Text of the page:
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Where Would You Photograph? (7-11)

In this activity children take on the role of Earth observation scientists submitting a request for an image they would like for their research. This gives them the opportunity to consider the possibilities of pictures taken from orbit (and the limitations) and to write scientifically for a specific audience. It...

Where Would You Photograph? (11-14)

In this activity students take on the role of Earth observation scientists submitting a request for an image they would like for their research. This gives them the opportunity to consider the possibilities of pictures taken from orbit (and the limitations) and to write scientifically for a specific audience. It...

What Is Your Real Star Sign?

By constructing a model of the constellations in the zodiac, students can learn about the relative motion of the Sun and the Earth. Students can find their own star sign and discover how the view from the Earth will change as the Earth orbits the Sun. The model allows them to see how the night sky changes over a...

Watching a Glacier (11-14)

This brief activity uses false-colour images of the Columbia glacier to introduce the idea of using sequences of satellite images to monitor change and focuses on the selection of appropriate data for an investigation.

Transit Math

This series of activities from NASA take a mathematical approach to looking at transits, eclipses and occultations. They are intended as supplementary problems for students looking for additional challenges in mathematics and physical science from age 11 to 19 years.

The problems were created to be authentic...

Tim Peake

This video is a message to ESERO-UK from European Space Agency astronaut Tim Peake. He talks about studying STEM subjects and how he became an astronaut. The video includes images of a launch, Tim engaging in various astronaut training exercises and the International Space Station, where Tim will be for six months...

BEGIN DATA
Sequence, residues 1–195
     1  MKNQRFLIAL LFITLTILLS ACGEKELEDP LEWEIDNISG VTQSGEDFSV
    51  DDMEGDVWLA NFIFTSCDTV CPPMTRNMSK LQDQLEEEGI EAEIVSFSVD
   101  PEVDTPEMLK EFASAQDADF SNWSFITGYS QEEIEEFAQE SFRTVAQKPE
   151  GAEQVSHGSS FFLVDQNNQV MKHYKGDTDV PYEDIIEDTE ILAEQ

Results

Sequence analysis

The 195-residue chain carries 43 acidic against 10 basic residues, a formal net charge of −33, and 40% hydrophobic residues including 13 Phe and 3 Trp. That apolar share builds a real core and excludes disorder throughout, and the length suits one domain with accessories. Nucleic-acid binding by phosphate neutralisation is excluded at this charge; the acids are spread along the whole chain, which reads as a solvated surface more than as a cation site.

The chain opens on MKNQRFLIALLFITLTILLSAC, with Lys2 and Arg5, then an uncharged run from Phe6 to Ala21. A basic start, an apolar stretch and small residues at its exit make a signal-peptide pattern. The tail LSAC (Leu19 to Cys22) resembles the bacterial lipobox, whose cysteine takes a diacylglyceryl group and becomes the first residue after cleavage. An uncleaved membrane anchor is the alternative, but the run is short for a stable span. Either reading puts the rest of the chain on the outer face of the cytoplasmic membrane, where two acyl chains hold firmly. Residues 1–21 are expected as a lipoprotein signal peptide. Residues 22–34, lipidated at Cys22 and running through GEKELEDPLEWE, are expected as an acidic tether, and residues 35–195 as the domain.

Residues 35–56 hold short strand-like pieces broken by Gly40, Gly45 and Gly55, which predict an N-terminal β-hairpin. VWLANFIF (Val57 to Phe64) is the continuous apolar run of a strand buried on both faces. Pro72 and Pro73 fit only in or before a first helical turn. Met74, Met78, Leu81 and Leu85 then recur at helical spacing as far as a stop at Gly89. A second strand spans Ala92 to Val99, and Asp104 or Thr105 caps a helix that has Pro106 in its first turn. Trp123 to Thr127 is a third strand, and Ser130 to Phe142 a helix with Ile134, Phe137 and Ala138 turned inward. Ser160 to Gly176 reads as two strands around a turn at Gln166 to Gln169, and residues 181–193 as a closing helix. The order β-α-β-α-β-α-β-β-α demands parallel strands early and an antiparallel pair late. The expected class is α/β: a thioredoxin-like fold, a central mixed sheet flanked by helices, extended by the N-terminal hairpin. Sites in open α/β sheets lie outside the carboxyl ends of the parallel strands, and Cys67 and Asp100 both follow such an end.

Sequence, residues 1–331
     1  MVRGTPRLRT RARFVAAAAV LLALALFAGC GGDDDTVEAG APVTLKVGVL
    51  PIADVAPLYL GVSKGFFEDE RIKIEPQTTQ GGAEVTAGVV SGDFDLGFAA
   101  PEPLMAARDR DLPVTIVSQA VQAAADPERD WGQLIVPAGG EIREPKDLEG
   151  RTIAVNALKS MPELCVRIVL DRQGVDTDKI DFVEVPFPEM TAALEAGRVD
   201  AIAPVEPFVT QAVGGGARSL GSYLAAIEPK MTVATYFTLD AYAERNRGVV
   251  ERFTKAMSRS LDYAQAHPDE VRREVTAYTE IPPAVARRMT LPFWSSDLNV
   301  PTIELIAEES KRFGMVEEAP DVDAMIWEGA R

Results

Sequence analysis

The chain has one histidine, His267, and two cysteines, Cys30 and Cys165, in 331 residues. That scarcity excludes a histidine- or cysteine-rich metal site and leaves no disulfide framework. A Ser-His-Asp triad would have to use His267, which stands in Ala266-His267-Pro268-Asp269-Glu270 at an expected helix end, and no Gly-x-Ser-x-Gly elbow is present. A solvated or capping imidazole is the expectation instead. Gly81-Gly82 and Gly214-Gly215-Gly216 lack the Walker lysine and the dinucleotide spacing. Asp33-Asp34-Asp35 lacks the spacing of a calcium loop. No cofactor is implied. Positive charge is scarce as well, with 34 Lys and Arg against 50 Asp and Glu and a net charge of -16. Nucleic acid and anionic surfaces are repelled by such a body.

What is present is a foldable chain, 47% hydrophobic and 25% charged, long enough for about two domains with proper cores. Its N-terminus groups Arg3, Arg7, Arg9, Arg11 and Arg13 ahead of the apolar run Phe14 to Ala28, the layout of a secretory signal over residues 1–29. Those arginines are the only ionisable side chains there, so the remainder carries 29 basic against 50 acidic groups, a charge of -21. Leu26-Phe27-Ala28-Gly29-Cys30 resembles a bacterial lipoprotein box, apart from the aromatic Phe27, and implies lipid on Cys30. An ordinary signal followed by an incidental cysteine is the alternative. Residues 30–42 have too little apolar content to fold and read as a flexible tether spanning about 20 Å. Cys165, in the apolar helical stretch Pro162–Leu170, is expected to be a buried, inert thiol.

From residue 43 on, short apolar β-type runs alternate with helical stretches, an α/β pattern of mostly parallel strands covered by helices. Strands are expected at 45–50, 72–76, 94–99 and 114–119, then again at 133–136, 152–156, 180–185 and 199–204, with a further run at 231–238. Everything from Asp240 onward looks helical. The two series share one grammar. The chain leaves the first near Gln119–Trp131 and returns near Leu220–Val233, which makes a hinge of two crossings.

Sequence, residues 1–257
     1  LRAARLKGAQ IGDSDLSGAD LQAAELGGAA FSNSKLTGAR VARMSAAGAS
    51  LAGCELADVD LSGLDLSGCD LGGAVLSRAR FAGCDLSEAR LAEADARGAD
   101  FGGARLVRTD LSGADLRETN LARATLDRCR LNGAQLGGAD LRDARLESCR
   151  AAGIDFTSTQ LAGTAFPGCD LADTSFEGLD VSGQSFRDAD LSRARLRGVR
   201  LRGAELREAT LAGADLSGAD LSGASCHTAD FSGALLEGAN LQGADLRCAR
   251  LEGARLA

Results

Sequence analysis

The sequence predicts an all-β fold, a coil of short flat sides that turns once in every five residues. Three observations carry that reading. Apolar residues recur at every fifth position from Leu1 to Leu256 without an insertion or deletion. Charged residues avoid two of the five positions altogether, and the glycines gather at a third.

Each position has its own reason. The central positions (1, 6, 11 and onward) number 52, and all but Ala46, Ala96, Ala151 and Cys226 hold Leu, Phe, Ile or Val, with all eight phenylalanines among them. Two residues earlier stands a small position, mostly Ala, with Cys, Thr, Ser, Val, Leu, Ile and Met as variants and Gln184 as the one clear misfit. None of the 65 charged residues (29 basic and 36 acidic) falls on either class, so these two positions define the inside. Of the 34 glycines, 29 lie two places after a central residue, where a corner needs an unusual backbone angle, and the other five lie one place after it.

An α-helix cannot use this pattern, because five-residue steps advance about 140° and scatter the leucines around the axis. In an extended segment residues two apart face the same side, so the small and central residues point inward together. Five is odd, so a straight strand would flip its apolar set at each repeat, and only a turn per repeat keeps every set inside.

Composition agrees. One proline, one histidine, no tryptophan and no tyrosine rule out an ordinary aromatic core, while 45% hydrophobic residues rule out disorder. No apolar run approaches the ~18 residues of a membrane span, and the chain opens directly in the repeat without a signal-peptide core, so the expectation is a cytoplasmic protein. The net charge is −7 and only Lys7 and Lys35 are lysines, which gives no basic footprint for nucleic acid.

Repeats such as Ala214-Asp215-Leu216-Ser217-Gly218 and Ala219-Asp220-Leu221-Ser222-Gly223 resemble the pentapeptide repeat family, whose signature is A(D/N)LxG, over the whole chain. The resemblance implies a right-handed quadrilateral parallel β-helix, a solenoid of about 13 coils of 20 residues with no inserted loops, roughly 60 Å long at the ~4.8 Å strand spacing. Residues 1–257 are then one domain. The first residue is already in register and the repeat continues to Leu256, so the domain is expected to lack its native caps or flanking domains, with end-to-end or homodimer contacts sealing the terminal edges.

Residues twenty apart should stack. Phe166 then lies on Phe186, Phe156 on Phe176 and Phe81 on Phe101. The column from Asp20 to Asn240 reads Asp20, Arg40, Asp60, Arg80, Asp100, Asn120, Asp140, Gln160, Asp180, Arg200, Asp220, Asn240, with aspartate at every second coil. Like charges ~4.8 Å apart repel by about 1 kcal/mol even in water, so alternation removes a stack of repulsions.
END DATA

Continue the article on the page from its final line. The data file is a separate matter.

Tides Simulator and Workshop

Produced by the National Schools Observatory, this PowerPoint workshop and accompanying flash animation explains tidal activity on Earth. The workshop takes the form of a PowerPoint presentation that explains why tides exist, why there are two tides each day and covers related topics such as spring/neap tides and...

The Transit Method

In this activity, developed by the Institute of Physics, students use a lamp and polystyrene balls to model how astronomers detect exoplanets using the transit method. After completing this activity, students should: *Understand that the transit of a planet in front of its star temporarily reduces the star’s...

The Life Cycle of Stars: the Hertzsprung-Russell Diagram

This Teaching Astronomy and Space video clip, from the Institute of Physics (IOP), Teachers TV and the Science and Technology Facilities Council (STFC), shows how students can be engaged with the Hertzsprung-Russell diagram, which is used to illustrate the properties of different types of stars. This is achieved...

The Life Cycle of Stars

In this Teaching Astronomy and Space video, produced by the Institute of Physics, Teachers TV and Science and Technology Facilities Council (STFC), astronomer Tim O'Brien, from Jodrell Bank Observatory, explains how astronomers believe a star is born, lives and dies. Tim compares the life of stars like our Sun...

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